This article appeared online at on Tuesday, August 6, 2019: 

As he signed an executive order on Monday night placing an embargo on Venezuela, President Trump explained why he did so in a letter to Congress:

I have determined that it is necessary to block the property of the Government of Venezuela in light of the continued usurpation of by the illegitimate Nicolas Maduro regime … [which includes] human rights abuses, arbitrary arrest and detention of Venezuelan citizens, curtailment of free press, and ongoing attempts to undermine Interim President Juan Guaido of Venezuela and the democratically-elected Venezuelan National Assembly.

The extraordinary escalation exceeds previous sanctions against some 100 individuals associated with Maduro’s inner circle. The executive order now blocks anyone — individually or corporately — from doing any business of any kind with anyone associated with the Maduro regime. The escalation applied immediately and is the first time such an embargo has been applied in the Western Hemisphere since President Reagan applied them to the Noriega regime in Panama 30 years ago.

The order threatens supporters of Maduro including Cuba, China, Russia, Iran, and Turkey with asset seizures if they continue to support the tottering totalitarian regime.

In addition, John Bolton, Trump’s national security advisor, said failure to comply with the president’s EO “could affect repayment of [their] debt after Maduro falls.”

Guaidó further defined the far-reaching implications of Trump EO: “Any individual, company, institution or nation that tries to do business with the regime will be seen by the international system as collaborating with and sustaining a dictatorship. They will be subject to sanctions and considered an accomplice to [Maduro’s] crimes.”

There is a carrot hidden among the sticks that Trump has been using to remove Maduro. Last week, Commerce Secretary Wilbur Ross rolled out a post-Maduro economic recovery plan for Venezuela that included fresh sources of credit to the new administration, promises of financial help to rehabilitate the country’s infrastructure, as well as private sources of investment capital to put the country’s producer, PdVSA, back on line. production has dropped nearly 90 percent from highs a few years ago, thanks not only to previous sanctions but to mismanagement of the company under Maduro.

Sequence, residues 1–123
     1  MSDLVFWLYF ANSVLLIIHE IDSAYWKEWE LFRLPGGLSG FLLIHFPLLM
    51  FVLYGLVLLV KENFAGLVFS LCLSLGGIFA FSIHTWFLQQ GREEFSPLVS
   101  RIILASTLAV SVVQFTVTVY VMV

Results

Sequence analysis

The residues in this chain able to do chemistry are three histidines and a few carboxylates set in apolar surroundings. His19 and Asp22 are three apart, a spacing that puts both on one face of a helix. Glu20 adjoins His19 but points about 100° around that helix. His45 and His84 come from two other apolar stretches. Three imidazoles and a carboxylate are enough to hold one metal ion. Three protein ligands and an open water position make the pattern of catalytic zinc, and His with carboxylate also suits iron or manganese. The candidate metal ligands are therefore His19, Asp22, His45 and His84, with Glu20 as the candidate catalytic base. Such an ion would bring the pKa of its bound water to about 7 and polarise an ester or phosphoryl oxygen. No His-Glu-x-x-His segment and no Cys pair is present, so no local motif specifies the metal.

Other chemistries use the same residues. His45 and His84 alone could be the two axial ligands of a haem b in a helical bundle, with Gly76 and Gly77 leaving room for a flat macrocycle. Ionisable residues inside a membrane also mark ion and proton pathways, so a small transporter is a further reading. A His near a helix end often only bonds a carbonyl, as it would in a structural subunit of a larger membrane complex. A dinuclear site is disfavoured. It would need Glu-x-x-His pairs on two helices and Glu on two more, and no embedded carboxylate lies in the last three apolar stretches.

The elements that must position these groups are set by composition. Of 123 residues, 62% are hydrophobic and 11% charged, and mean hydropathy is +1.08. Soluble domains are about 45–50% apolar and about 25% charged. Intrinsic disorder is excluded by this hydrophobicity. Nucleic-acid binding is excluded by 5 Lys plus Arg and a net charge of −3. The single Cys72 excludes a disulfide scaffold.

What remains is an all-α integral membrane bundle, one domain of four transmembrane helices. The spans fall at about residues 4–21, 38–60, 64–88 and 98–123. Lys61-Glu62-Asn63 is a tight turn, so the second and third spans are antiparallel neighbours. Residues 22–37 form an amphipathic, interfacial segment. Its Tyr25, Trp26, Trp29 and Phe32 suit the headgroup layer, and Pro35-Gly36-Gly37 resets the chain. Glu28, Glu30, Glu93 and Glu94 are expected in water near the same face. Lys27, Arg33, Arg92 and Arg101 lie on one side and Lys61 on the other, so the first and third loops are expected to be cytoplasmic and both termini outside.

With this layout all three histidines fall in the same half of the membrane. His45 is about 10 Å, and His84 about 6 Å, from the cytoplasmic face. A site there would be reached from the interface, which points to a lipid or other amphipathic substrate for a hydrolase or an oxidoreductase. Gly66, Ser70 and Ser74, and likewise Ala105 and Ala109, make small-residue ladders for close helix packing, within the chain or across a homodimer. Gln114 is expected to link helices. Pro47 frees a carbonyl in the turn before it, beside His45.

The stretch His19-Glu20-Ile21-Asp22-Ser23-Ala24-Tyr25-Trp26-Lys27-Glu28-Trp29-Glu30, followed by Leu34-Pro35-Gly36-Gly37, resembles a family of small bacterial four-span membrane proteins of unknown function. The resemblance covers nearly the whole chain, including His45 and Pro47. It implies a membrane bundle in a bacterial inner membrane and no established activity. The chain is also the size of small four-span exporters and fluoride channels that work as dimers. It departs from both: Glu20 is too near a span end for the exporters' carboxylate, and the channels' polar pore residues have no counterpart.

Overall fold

Such a rehabilitation would also entice some, perhaps many, of those who have left the country out of desperation to return to their previous positions essential to the workings of a capitalist economy. For some of those estimated four million who left in desperation, such assistance might be too late. Reports are that many are arriving in Colombia looking like escapees from a concentration camp, suffering from grievous late-stage malnutrition that could shortly take their lives.

Such a rehabilitation would be small comfort to those citizens who have lost their lives under orders from Maduro. He has directly ordered the torture and murder of Navy Captain Rafael Acosta, as reported by last month, but Acosta was only one of an estimated 9,000 citizens who have been executed by Maduro’s para- colectivos and his Special Action Forces. And this doesn’t count those in prison who have been cannibalized by other prisoners due to the acute shortage of food.

The irony is that Maduro has used starvation to subdue his people, while Trump is using the same tactic in an escalating attempt to remove Maduro from power.

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